Tuesday, June 24, 2008

Food for thought: One Man, One Vote

One Man, One Vote: A Dubious Principle

It's a highly dubious principle if you think about it.

Suppose you have two people, A and B. A is intelligent, well-informed, and serious. He does his level best to form correct opinions about the issues of the day. He is an independent thinker, and his thinking is based in broad experience of life. B, however, makes no attempt to become informed, or to think for himself. He votes as his union boss tells him to vote. Why should B's vote have the same weight as A's? Is it not self-evident that B's vote should not count as much as A's?

The problem, however, is that there is no obvious criterion that one could employ to segregate those who are worthy of voting from those who are not. A friend of mine once proposed that only Ph.D.s should be allowed to vote. That is a hopeless proposal for several reasons. First of all, specialized expertise is no guarantee of even minimal competence outside of one’s specialty. Second, there are Ph.D.s who are not even competent in their own disciplines. Third, there are plenty of non-Ph.D’s who are more worthy of voting than many Ph.D.s. There are Ph.D.s I wouldn’t hire to run a peanut stand let alone cast an intelligent vote.

The same holds for any other academic credential. Would you want to exclude the likes of Eric Hoffer from voting on the ground that he had no formal schooling whatsoever?

Sex and race are obvious non-starters as criteria for separating the worthy from the unworthy.

What about owning property? Should owning property, or once having owned property, be a necessary condition for voting? No, for the simple reason that people eminently qualified to vote may for various good reasons remain renters all their lives. It is obvious that, generally speaking, property owners have a better and more balanced understanding of taxation and cognate issues than non-owners do; but if we follow out this line of reasoning, then only property owning married persons with children should be allowed to vote.

There are people whose experience of life is very rich but who are too conceptually impoverished to extract any useful principles from their experience that they could bring to bear in the voting booth. And then there are people who have deliberately restricted their range of experience (by not having children, say) precisely in order to be in a position to develop fully their conceptual powers. Now to adjudicate between cases of these two sorts with an eye to determining fitness for voting would require the wisdom of Solomon. So forget about it.

We live in a culture in which adolescent immaturity often extends through the twenties and into the thirties and beyond. So one might think to exclude the unfit by allowing only people of age 30 or above the right to vote. But just as being 30 years old is no guarantee of maturity, being 18 is no guarantee of the opposite. In general, older people, being more experienced, are more judicious and thus more likely to vote intelligently. But the counterexamples to this are legion.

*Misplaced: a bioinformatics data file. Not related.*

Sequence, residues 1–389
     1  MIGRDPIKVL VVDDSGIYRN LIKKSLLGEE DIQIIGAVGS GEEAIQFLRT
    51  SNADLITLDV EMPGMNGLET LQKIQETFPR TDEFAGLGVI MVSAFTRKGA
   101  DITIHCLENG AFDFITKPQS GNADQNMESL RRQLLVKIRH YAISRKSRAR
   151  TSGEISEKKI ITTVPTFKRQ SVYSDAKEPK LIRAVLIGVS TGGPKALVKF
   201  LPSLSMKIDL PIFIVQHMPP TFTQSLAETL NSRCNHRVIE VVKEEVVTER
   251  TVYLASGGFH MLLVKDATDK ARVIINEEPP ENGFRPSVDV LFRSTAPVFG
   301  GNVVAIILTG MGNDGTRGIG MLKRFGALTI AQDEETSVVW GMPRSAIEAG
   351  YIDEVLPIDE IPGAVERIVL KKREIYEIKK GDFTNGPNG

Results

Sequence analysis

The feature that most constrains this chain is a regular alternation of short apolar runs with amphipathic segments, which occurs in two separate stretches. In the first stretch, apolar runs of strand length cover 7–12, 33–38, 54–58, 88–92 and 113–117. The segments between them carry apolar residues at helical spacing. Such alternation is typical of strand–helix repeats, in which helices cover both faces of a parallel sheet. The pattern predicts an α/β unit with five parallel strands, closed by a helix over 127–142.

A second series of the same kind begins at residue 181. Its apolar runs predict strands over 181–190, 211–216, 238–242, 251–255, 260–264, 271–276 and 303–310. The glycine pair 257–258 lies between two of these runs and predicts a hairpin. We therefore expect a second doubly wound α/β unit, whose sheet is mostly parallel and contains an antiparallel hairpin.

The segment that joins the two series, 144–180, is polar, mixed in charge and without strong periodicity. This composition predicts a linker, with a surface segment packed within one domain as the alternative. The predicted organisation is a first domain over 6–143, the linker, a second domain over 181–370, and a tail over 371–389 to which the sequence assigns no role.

I’ll insert an historical aside here. The right of 18 year olds to vote is guaranteed by the 26th Amendment to the U.S. Constitution. Before that, one had to be 21 years old. The 26th Amendment was ratified on July 1st, 1971 during the Vietnam war, a fact which is of course relevant to the Amendment’s proposal and ratification. Some of us remember the words of Barry McGuire’s Eve of Destruction (1965): "...you’re old enough to kill, but not for votin’...."

Once we exclude educational credentials, sex, race, property-ownership, and age as criteria, what do we have left? Nothing that I can see apart from the standard criteria of voter eligibility. ‘One man, one vote’ though certainly a flawed principle, may be the best we can do.

We would make it worse, however, if we went the way of the Aussies and made voting mandatory. As it is here in the USA, roughly only half of the eligible voters actually vote, though this is changing with the exacerbation of political polarization. This is good inasmuch as voters filter themselves similarly as lottery players (quite stupidly) tax themselves. What I mean is that, generally speaking, the people who can vote but do not are precisely the people one would not want voting in the first place. To vote takes time, energy, and a bit of commitment. Careless, stupid, and uniformed people are not likely to do it. And that is good. Of course, many refuse to vote out of disgust at their choices. My advice for them would be to hold their noses and vote for the least or the lesser of the evils. Politics is always about choosing the least or the lesser of evils.

I'll conclude by considering an objection. I said that 'One man, one vote' is a flawed principle. For it implies that the vote of a sage and the vote of a dolt count the same. It might be objected in defense of the principle that both are equal in point of both having an equal interest in the structure of the society in which they live. Granted. But not all know their own best interest. So from the mere fact that A and B have an equal stake in a well-ordered society it does not follow that each person's vote should count the same.

What's more, this sort of reasoning proves too much. For children and felons and illegal aliens also have a stake in a well-ordered society, and only the seriously benighted want to extend the vote to them. Of course, this does not stop many contemporary liberals from wanting to extend the vote to children and felons and illegal aliens. It merely shows that they have lost all common sense. (Presumably they would make an exception in the case of the unborn!) So if equality of interest entails right to vote, then we have a reductio ad absurdum of 'one man, one vote.'


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